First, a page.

Studio for Propositional Cinema, Jason Dodge, and Gioacchino Di Bernardo at Fondazione Morra Greco, Naples
by Sonia D’Alto
The three solo shows at Fondazione Morra Greco, Naples, take up all the spaces of the building—engaging the spectator in an encounter with form and content, while attempting to display the invisible.
The Storyteller’s Fountain: A Tale Told by a Gust of Wind in the Low and Dark Rooms, by Studio for Propositional Cinema
Studio for Propositional Cinema’s intervention functions as a narrative choreography. By the means of fabulist realism, Studio proposes an alliance between affabulation and critique, framing identity of cultural constructs in social narratives. The basement of Fondazione Morra Greco, host glass cases installed in an ancient Greek niche. On their surfaces, text insinuate the idea of being fragments of preexisting stories. On the first floor, the viewer enters a device-artwork in media res: The scenario here is composed of images on the walls and ceilings that are also reflected in molded mirrors. By moving through the six frescoed rooms, the viewer can follow a tale told by various characters and voices in an audio work. By turning the context of the palace into content, Studio for Propositional Cinema rescripts the legend of Arethusa, as recounted by Gianbattista Basile (1566–1632), the court writer of Prince Caracciolo d’Avellino, the builder of the palace in which Fondazione Morra Greco is located. In the same way that the mirrors reflect the frescoes, the tale reflects historical meanings, not only as things of the past but also as prototypes to be used in many settings. Studio’s use of the tale and allegorization conceal many meanings; at the same time, their language unfolds by relying on typical strategies of myth, such as dislocation, ambivalence, and the use of a set of archetypical characters. The Storyteller’s Fountain reveals struggles between freedom and oppression. A chorus of multiple voices and scenarios made up of the images reflected in the mirrors unveil the nature of time and space as a stratified and open resource. In order to make another, better world possible, mythopoiesis and tales are still necessary.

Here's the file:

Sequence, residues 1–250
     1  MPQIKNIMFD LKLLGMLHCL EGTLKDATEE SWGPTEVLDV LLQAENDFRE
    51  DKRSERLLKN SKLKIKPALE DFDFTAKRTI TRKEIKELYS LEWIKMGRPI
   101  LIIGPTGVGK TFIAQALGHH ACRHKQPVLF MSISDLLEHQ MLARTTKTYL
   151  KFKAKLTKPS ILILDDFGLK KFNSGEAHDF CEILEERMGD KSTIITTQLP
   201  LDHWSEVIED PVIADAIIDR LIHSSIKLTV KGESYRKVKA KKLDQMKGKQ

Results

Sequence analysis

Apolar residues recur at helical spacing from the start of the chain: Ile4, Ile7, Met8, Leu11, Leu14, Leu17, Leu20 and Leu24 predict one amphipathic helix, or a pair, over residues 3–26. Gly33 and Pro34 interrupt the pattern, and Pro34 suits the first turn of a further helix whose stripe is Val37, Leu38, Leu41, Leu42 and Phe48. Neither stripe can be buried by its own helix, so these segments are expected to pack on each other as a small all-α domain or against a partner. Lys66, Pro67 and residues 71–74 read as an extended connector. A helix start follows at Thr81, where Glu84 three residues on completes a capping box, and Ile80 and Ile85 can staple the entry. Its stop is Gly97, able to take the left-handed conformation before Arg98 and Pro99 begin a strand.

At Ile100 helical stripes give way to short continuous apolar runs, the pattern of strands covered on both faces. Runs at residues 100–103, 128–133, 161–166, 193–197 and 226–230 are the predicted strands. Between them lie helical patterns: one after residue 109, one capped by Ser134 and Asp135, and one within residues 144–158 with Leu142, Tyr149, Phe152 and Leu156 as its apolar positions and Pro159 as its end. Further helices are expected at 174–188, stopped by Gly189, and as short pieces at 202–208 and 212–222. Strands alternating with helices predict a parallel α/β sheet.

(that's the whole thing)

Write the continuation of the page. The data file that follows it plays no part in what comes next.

As Soon As The Invented Language Enters Us Something Else Will Vibrate In Our Skin, by Jason Dodge (accompanied by a conceptual text by curator and writer Raimundas Malašauskas)